Personalities | Bon Jovi | Eighties | Rock
America’s leading hard rock band in the 1980s, Bon Jovi have broadened their appeal still further by combining their musical aggression with catchy pop songs to achieve a universal appeal.
The band was formed in 1983 in New Jersey by singer Jon Bon Jovi (b. John Francis Bongiovi, 2 March 1962), guitarist Richie Sambora (b. 11 July 1969), keyboard player David Bryan (b. David Bryan Rashbaum, 7 February 1962), bassist Alec John Such (b. 14 November 1956) and drummer Tico Torres (b. Hector Torres, 7 October 1953).
As teenagers, Jon Bon Jovi and Bryan played in various local bands. After leaving high school Jon went to work with his cousin, noted record producer Tony Bongiovi, at New York’s Power Plant where he wrote and recorded a demo of ‘Runaway’ that picked up radio play in New Jersey. He signed a deal with Mercury Records and recruited the other band members.
Bon Jovi (1984) stalled just outside the US Top 40 and ‘Runaway’ was a minor hit. 7800 Fahrenheit (1985) peaked just inside the Top 40 and made the UK Top 30 following a British tour. Recruiting songwriter Desmond Child (of Aerosmith and Kiss) and producer Bruce Fairburn (of Blue Oyster Cult) they recorded their make-or-break album, Slippery When Wet (1986). It stormed to the top of the US charts, propelled by two No. 1 singles – ‘You Give Love A Bad Name’ and ‘Livin’ On A Prayer’ (both co-written by Child). In the UK it reached No. 6 and stayed in the charts for two years.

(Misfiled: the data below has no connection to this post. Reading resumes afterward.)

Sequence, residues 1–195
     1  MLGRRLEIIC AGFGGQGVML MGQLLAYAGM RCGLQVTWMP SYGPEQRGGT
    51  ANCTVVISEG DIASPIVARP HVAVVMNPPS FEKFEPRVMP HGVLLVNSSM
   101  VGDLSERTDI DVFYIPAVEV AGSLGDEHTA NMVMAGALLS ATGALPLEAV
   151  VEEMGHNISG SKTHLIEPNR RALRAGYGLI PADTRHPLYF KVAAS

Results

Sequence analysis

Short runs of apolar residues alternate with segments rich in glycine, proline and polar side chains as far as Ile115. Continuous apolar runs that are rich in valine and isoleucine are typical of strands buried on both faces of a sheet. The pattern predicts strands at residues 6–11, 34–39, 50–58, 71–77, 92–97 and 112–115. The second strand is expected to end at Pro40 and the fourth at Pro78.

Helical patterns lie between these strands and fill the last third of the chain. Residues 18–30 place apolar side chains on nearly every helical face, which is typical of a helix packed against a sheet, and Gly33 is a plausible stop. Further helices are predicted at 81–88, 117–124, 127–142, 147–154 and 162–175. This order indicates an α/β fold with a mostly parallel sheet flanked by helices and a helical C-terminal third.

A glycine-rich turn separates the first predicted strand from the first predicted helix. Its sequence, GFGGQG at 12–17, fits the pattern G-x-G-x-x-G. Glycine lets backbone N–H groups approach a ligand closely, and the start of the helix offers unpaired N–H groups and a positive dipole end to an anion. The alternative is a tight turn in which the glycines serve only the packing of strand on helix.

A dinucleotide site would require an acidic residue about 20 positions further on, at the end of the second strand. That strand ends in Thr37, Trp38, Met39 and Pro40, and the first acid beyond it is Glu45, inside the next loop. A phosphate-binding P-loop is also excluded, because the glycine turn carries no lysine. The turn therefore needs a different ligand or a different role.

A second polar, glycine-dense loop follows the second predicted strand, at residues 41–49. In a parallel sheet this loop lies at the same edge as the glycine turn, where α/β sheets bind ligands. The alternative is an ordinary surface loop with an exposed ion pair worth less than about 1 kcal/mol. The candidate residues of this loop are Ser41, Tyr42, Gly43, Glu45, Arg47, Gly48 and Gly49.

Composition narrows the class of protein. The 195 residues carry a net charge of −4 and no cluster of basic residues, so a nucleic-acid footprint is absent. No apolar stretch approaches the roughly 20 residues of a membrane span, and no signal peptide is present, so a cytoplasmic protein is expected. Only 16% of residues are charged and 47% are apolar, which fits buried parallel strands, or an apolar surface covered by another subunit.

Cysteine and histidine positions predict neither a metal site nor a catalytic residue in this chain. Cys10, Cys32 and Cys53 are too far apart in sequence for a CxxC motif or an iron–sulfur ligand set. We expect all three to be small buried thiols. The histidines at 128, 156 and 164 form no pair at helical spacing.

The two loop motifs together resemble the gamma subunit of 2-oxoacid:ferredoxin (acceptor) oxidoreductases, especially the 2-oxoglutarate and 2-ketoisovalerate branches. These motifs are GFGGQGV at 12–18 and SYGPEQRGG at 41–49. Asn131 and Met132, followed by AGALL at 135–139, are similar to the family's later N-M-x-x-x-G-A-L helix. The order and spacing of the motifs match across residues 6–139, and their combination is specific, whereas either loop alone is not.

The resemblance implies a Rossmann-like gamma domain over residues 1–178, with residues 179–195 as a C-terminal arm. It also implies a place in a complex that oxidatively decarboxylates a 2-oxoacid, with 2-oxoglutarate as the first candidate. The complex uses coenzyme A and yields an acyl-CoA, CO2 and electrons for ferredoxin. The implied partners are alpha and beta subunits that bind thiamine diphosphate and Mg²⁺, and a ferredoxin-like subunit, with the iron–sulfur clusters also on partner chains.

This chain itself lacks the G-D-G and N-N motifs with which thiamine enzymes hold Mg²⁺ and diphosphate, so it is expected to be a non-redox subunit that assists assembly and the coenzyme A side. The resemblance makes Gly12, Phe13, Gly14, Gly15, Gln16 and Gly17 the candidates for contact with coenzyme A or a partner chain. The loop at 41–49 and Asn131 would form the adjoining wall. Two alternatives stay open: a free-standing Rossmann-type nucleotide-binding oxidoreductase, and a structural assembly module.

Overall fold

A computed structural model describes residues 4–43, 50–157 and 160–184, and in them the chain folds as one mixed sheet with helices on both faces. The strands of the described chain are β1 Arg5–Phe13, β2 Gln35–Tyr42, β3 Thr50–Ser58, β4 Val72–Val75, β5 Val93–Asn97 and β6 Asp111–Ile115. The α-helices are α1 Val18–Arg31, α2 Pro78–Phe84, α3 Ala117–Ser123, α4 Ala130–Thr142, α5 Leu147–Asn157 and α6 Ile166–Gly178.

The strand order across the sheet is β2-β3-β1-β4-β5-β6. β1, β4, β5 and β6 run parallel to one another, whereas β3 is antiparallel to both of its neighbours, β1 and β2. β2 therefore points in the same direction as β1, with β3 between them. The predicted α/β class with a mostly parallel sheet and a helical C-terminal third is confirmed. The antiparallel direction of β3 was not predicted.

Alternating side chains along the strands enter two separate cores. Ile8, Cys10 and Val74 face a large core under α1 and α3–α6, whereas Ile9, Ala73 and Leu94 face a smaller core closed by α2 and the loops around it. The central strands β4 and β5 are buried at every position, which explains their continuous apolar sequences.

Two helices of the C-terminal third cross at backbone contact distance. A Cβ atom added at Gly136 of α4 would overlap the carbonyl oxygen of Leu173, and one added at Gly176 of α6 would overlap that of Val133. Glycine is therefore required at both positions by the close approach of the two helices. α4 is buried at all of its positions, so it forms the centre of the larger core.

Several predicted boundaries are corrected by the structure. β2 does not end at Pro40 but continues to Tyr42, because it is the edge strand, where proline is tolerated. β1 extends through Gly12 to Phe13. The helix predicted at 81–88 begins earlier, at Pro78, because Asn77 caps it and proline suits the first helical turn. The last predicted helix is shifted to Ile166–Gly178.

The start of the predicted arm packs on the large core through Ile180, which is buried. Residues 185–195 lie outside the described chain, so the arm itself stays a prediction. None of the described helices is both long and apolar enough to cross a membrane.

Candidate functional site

They repeated the formula with even greater success on New Jersey (1988). It was a No. 1 album in the UK and the US where it topped the charts for four weeks, providing five Top 10 singles, including two No. 1s: ‘Bad Medicine’ (co-written by Child) and ‘I’ll Be There For You’.
The band capitalized with a gruelling American and international touring schedule that included headlining the UK Monsters of Rock Festival at Castle Donington in 1987 and the Moscow Music Peace Festival in 1989. In 1990, the band took a break that turned into an extended hiatus. Jon Bon Jovi wrote the soundtrack to the Young Guns II movie. The album Blaze Of Glory (1990) reached No. 3 in the US while the title track went to No. 1. With Sambora also recording a solo album, Stranger In This Town (1991), rumours grew that the band had split up.
Keeping The Faith
But in 1992 they reassembled to record their first album for four years. Keep The Faith (1992) updated their sound with producer Bob Rock (of Metallica, Mötley Crüe and Dave Lee Roth) while the band kept faith with Child who co-wrote the title track. While there were no major hit singles, the album reached No. 5 in the US and No. 1 in the UK where it stayed in the charts for more than a year.
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